Sunday Recap | March 10, 2019


Words For Reflection:
Whatsoever is good for God's children they shall have it; for all is theirs to help them towards heaven; therefore if poverty be good they shall have it; if disgrace or crosses be good they shall have them; for all is ours to promote our greatest prosperity. - Richard Sibbes

For next Sunday:

Sermon Text:  Genesis 29:31-30:24

Let Us Love and Sing and Wonder - Adoration
Depth of Mercy - Confession
When I Survey the Wondrous Cross - Grace
O Love that Will Not Let Me Go - Response
Thy Mercy, My God - Communion
Doxology - Tallis Canon

The Bible Project:

As a way to help you grasp the over-arching story of the Bible, I am going to include each week a link to one of The Bible Project videos.

This week check out Metaphor in Biblical  Poetry.

If you are looking for help to read the Bible in a more regular way, you may find this approach and this app helpful. 

A Personal Word:
I want to take a brief moment to offer an apology for how I spoke about Leah and Rachel this past Sunday in retelling the story. I fear my language came across as damaging and degrading about women as image bearers of God. That was certainly not my intention and I apologize if my words were hurtful or unhelpful to you. If they were, please know I would welcome the opportunity to talk with you should you want to.

Singing To God (Psalm 95:1-5)

How Sweet To Wait

How sweet to wait upon the Lord, 
While he fulfills his gracious word; 
To seek his face, and not in vain, 
To be beloved, and love again! 

Bowing Before God (Psalm 95:6-7b)

Prayer of Confession
Father, the more we delve into the depths of our sin, the uglier and more heinous it becomes. If we promise to do better, we lie. If we try to clean ourselves up, we are frauds. If we give because we feel guilty, we are schemers. If we serve to feel good about ourselves, we are self-righteous. If we pray only to get what we want, we are self-serving. If we read your Word so you will be pleased with us, we are manipulators. The selfish motivations of even our best actions condemn us. Please forgive us and help us to look only to the life-saving, life-giving, life-changing power of Your Son Jesus Christ, in whose name we pray. Amen.
Words of Grace
Blessed be the God and Father of our Lord Jesus Christ, who has blessed us in Christ with every spiritual blessing in the heavenly places, even as he chose us in him before the foundation of the world, that we should be holy and blameless before him.
Ephesians 1:3-4

Hearing From God (Psalm 95:7c-11)

Sunday's Sermon: The Good & The Bad of Providence

Sermon Text - Genesis 29:1-30

Sermon Outline:

  1. The blessing of providence (v. 1-14)

  2. The discipline of providence (v. 15-30)

The Heart of the Message

Jacob emerges as the central character in Genesis from chapter 28-35. His story is full of ups and downs and good and bad. He sins. He repents. But what holds this whole story together? It is God’s word to Jacob in 28:13-15 in which God reiterates his covenant promises to Jacob and then says, “I am with you and I will keep you wherever you go, and I will bring you back to this land. For I will not leave you until I have done what I have promised you.” Therefore, the next 7 chapters tell the story of how God will fulfill his word in Jacob’s life. We begin to see God’s promise unfold in chapter 29. God goes with Jacob and blesses him with a successful journey to Haran, his uncle Laban’s house, where he hopes to find a wife per his parents’ directions (Gen. 27:43 & 28:1-5). Upon arriving he meets his cousin Rachel and eventually enters into an agreement with his uncle to work seven years in exchange for Rachel’s hand in marriage. However, Laban has different plans and deceives Jacob. Instead of giving Jacob Rachel, he gives Jacob Leah. Leah, the older sister takes the place of Rachel, the younger sister. The irony is Jacob, the younger brother took the place of Esau, the older brother. Jacob’s experience in Laban’s house serves as God’s instruction and discipline to help Jacob see his sin and wrongdoing, which is obviously still a work in progress based on how he treats Leah compared to Rachel. There is so much about this story that goes against the grain of God’s original design and intention for his people. Yet what we also see is human sin is no match for God’s promise to fulfill his word in your life. In fact, the same dynamics at work in this story are at work in Jesus’ story. Despite the actions and deception of evil and wicked men that led to Jesus’ death, God overrules it all (Acts 2:23). Despite the best efforts of those men to get rid of Jesus, God uses it to show the lengths to which he was willing to go to fulfill his word. The good news of the story for us is that in Jesus we are given all the blessings of God and in Jesus we are spared all the punishment we deserve. As a result, the discipline we experience is nothing but a Father’s love working in our lives the peaceful fruit of righteousness (Heb. 12:7-11).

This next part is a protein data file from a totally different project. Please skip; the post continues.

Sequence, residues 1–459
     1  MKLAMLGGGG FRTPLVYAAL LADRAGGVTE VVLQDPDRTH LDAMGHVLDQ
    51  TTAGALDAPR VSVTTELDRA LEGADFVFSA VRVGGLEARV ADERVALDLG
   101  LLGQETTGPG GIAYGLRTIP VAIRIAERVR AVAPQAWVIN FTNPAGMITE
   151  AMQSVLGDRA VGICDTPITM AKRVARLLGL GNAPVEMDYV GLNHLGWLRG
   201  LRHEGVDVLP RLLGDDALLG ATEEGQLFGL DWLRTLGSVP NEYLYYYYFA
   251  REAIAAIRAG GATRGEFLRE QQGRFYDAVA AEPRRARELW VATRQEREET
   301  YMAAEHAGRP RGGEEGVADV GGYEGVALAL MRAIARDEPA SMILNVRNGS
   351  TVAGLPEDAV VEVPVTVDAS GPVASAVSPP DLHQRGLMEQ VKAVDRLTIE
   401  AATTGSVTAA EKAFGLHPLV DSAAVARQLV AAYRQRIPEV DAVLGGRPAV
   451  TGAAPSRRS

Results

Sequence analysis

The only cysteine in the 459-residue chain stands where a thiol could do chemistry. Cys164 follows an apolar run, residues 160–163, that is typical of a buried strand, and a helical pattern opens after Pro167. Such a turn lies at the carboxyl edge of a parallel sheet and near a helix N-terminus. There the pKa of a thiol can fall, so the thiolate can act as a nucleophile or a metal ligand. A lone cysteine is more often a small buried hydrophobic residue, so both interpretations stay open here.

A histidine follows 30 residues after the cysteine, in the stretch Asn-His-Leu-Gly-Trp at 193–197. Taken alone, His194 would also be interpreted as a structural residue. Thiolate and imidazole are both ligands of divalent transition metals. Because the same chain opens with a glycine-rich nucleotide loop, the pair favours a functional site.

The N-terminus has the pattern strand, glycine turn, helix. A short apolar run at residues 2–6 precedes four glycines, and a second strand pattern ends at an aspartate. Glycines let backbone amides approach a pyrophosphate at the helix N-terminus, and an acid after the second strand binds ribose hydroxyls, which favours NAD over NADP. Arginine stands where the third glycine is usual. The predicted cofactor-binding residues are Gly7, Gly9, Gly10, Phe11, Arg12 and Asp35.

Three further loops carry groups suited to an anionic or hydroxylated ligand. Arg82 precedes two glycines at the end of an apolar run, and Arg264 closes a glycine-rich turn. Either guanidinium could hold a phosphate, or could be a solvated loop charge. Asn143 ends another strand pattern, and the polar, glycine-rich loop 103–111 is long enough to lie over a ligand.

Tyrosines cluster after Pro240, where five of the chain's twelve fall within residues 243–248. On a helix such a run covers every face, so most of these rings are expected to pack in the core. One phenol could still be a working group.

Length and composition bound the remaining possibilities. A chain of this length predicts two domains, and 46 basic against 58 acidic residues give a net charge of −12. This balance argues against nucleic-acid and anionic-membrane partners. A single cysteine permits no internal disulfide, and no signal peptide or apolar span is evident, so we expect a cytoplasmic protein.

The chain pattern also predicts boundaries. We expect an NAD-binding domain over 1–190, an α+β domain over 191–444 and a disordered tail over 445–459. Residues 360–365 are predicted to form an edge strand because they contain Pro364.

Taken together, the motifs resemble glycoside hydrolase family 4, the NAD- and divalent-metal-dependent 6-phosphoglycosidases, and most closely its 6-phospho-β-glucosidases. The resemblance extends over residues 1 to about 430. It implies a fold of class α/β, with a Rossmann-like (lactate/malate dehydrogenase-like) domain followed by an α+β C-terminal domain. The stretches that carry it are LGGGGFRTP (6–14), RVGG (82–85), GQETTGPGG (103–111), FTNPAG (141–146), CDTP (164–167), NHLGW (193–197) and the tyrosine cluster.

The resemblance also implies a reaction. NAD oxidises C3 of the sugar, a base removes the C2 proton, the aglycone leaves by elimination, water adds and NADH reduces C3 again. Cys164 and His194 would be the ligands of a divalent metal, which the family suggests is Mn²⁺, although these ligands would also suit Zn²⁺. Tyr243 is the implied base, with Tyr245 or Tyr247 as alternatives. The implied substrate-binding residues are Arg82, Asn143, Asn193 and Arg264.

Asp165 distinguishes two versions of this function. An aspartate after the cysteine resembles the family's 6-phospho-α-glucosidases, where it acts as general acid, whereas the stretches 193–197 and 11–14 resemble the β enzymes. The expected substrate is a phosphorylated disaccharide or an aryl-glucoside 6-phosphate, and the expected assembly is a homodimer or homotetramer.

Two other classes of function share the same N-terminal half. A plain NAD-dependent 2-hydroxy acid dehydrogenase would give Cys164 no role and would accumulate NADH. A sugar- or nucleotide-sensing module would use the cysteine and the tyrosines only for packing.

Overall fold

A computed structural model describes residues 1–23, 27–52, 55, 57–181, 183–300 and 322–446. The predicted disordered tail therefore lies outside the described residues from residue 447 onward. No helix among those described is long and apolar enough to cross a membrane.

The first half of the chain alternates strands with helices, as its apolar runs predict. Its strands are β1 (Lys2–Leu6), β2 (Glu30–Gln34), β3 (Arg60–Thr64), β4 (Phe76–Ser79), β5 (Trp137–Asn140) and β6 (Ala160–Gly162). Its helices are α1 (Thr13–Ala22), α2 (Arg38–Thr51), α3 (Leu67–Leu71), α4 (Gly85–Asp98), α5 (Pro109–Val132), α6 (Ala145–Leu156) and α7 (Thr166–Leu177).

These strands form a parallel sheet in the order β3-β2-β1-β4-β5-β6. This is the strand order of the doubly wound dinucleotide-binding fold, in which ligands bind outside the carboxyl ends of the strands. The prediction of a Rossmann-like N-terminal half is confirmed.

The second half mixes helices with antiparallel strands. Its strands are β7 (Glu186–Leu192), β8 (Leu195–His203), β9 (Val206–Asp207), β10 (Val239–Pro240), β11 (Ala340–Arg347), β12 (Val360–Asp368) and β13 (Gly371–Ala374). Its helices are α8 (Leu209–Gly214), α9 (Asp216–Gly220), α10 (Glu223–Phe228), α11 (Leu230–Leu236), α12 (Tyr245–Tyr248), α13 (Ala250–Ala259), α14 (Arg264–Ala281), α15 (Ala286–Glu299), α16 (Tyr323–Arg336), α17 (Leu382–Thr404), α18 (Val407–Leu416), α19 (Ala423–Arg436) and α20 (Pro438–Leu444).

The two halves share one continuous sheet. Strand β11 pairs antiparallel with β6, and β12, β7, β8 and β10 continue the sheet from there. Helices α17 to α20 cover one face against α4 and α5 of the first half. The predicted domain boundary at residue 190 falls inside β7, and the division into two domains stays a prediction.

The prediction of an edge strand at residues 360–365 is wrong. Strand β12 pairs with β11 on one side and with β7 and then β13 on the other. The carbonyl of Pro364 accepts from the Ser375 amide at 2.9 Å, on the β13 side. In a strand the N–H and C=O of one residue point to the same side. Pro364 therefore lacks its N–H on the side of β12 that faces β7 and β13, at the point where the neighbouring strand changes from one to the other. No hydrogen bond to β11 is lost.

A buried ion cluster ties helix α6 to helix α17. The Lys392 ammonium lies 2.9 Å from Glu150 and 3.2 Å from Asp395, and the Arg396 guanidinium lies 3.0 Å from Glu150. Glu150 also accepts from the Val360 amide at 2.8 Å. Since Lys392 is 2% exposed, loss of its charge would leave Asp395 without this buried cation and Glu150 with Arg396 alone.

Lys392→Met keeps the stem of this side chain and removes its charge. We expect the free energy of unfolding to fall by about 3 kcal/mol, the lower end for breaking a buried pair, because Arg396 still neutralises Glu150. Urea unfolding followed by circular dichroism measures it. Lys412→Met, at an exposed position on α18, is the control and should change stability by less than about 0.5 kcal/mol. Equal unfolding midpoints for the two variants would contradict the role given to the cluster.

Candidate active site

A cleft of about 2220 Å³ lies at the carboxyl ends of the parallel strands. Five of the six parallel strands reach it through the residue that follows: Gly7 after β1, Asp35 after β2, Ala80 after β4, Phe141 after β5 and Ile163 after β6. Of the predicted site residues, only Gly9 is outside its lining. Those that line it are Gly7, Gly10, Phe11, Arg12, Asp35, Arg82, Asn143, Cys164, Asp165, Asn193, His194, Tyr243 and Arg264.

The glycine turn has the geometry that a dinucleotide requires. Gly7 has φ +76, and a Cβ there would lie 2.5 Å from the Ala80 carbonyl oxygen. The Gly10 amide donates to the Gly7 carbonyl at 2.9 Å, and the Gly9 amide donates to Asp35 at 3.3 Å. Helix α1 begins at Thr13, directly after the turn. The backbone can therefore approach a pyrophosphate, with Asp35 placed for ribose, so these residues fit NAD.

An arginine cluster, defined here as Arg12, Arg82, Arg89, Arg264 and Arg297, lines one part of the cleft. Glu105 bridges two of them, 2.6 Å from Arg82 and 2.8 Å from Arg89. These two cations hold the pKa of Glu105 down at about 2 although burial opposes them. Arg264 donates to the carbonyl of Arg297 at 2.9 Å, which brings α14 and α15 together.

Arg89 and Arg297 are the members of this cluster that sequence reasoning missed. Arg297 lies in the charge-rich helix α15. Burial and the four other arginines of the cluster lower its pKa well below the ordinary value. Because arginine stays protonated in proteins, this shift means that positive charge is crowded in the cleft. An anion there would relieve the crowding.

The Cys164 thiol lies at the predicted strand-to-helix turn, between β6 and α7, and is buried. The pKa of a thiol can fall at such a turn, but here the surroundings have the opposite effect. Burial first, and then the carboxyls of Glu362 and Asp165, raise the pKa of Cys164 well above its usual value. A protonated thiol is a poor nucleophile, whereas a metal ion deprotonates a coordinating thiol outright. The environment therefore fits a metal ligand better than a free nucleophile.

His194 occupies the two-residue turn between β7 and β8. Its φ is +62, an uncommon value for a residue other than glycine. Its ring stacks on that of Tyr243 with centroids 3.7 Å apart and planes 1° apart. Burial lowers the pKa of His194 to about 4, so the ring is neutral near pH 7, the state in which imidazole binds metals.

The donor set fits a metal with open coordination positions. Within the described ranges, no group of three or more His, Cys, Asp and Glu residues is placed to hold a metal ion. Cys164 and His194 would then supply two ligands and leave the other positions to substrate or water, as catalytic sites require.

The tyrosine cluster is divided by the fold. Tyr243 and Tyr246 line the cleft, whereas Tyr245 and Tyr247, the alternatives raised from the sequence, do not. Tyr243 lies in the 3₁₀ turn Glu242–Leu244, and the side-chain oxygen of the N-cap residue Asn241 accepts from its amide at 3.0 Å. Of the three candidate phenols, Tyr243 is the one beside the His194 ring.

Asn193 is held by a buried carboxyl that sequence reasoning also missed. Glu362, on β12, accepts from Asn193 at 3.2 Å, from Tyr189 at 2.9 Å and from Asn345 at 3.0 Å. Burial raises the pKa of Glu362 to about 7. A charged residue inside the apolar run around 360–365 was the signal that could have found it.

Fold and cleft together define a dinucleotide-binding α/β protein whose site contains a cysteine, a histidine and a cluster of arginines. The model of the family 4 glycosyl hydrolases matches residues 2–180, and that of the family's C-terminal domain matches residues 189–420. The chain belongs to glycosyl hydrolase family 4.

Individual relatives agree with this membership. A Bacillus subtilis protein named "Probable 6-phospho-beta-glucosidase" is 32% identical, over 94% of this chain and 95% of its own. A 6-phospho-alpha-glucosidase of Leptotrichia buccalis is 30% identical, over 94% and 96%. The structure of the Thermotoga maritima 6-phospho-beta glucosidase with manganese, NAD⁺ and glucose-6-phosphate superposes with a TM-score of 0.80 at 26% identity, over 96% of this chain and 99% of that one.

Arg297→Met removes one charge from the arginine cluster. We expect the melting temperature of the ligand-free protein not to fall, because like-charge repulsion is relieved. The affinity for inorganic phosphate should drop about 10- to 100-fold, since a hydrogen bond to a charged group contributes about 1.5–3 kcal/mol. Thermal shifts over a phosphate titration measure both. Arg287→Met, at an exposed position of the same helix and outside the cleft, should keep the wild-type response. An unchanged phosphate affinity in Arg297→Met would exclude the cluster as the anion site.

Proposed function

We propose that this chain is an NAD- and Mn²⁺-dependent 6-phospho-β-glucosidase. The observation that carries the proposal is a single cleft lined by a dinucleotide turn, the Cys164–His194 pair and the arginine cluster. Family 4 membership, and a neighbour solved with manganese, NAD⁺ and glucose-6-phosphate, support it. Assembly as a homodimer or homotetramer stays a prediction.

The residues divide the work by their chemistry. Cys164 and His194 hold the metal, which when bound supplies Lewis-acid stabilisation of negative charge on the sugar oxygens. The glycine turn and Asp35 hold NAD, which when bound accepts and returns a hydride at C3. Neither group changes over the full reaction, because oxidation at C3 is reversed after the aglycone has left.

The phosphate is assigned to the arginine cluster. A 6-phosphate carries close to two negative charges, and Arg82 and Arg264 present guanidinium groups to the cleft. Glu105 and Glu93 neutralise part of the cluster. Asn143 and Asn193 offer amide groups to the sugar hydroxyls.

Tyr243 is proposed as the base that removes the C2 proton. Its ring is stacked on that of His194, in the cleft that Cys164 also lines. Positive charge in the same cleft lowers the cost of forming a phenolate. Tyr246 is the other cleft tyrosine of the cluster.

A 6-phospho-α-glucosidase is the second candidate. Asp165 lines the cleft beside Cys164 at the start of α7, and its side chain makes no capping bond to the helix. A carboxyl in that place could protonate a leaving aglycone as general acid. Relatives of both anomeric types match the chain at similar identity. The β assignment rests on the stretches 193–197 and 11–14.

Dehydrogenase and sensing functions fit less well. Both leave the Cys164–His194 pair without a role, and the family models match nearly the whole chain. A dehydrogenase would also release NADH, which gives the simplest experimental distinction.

Reflection Questions

  1. What features of this passage stand out to you the most? What words or phrases or ideas grab your attention?

  2. Why is it so important to look for how God is present and active in the stories of scripture?

  3. What happens to Jacob when God shows up?

  4. How does v. 12 and v. 17 anticipate the coming of Jesus?

  5. How is God changing what you see in the midst of your in between life? (see v. 16)

  6. How is God changing the loyalties of your heart in the midst of your in between life? (v. 18-22)

Confession of Faith: The Westminster Shorter Catechism, c. 1648

Q. 11. What are God's works of providence?

A. God's works of providence are his most holy, wise and powerful preserving and governing all his creatures, and all their actions.